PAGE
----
Aug. 5, 1861 – During the Civil War, in order to help pay for the war effort, the United States government levied the first income tax as part of the Revenue Act of 1861 (3 percent of all incomes over $800). The tax was rescinded in 1872.
Aug. 5, 1861 – During the Civil War, a skirmish was fought at Athens, Missouri.
Aug. 5, 1861 – During the Civil War, a skirmish was fought in Virginia, opposite Point of Rocks, Maryland.
Aug. 5, 1862 – During the Civil War, a skirmish occurred near New Market, Ala.
Aug. 5, 1862 – During the Civil War’s Battle of Baton Rouge, along the Mississippi River near Baton Rouge, Louisiana, Confederate troops attempted to take the city, but were driven back by fire from Union gunboats.
Aug. 5, 1864 – The Battle of Mobile Bay began on this day as U.S. Admiral David Farragut, with a force of 14 wooden ships, four ironclads, 2,700 men, and 197 guns, overpowered outnumbered Confederate defenses guarding the approach to Mobile Bay. The fall of Mobile Bay was a huge blow to the Confederacy, and the victory was the first in a series of Yankee successes that helped secure the re-election of Abraham Lincoln later that year. Farragut's victory removed Mobile as a center of blockade-running and freed Union troops for service in Virginia.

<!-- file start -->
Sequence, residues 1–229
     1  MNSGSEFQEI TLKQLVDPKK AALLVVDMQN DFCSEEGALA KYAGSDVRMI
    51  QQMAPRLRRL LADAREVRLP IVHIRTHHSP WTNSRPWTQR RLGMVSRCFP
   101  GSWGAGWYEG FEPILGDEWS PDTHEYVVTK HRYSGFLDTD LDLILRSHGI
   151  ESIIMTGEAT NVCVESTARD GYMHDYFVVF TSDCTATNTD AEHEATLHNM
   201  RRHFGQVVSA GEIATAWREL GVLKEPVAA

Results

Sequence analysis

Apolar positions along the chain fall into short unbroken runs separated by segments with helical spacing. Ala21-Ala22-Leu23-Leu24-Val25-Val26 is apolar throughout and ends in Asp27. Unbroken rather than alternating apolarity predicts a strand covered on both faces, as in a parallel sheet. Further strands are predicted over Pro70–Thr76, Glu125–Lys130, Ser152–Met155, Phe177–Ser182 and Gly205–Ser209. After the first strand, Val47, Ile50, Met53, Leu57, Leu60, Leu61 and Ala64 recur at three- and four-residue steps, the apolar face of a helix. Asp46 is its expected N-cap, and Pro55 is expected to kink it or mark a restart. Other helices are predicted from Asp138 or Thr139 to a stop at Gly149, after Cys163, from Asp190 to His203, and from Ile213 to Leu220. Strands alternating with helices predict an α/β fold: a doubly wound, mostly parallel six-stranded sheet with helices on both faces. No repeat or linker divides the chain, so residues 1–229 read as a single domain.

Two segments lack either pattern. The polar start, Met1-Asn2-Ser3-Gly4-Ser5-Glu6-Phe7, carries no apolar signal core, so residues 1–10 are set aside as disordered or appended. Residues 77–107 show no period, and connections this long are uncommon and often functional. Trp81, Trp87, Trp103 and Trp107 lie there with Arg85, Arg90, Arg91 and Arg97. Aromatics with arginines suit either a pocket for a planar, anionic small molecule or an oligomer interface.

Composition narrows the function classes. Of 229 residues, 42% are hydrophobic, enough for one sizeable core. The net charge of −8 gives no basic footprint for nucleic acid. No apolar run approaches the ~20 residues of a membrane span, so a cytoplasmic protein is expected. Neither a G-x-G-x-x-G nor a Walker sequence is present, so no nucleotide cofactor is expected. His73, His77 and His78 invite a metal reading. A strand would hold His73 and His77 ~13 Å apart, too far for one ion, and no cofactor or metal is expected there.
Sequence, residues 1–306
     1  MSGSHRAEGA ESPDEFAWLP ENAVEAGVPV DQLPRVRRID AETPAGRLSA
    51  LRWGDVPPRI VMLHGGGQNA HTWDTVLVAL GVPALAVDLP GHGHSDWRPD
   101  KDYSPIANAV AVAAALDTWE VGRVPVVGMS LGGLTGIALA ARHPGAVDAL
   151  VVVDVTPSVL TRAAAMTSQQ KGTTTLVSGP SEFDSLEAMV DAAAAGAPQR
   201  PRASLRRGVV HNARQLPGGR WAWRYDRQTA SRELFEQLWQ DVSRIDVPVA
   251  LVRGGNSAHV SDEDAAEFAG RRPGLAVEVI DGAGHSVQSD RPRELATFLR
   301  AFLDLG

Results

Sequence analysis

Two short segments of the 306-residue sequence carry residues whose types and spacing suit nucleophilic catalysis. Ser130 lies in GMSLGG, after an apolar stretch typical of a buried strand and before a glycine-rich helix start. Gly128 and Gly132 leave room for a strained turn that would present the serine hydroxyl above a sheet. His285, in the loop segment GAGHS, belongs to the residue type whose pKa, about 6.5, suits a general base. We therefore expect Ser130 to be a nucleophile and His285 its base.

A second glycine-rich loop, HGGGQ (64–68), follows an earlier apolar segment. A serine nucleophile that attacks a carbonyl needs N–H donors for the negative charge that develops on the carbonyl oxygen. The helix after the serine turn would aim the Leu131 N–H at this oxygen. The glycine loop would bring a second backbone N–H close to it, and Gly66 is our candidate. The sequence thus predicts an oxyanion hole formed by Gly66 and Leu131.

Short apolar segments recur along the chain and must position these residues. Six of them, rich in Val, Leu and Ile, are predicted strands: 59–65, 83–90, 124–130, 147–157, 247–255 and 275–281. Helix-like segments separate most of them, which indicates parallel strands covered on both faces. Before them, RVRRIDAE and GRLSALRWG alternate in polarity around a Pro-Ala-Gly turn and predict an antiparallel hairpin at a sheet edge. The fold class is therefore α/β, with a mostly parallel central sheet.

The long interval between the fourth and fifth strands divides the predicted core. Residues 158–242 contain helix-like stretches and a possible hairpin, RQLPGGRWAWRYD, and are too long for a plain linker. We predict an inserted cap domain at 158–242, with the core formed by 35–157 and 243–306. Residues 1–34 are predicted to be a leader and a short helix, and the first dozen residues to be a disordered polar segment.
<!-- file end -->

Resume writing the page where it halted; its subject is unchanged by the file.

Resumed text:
Aug. 5, 1864 - Union General William T. Sherman declared that John Schofield was senior to John Palmer. An issue had arisen the day before and Palmer had not carried out orders at Utoy Creek. Palmer was resigned and returned to Illinois.
Aug. 5, 1867 – The Burnt Corn, Ala. post office was reestablished, after being discontinued on July 25, 1866, with E.P. Clingman as postmaster.
Aug. 5, 1879 – Lawrence Rikard was buried at the Methodist Church burying ground in Monroeville, Ala. Around 70 years old, he passed away “after a long and lingering illness” at his residence at few miles from Monroeville.
Aug. 5, 1917 - Members of the Alabama National Guard Brigade, which had been federalized in 1916, were discharged from guard service, so that they can be drafted into the regular army. Once drafted, the guardsmen were assigned to their former units, and one of these, the 4th Alabama, would become the 167th U.S. Infantry Regiment and serve with distinction in France during World War I as a part of the famed 42nd "Rainbow" Division.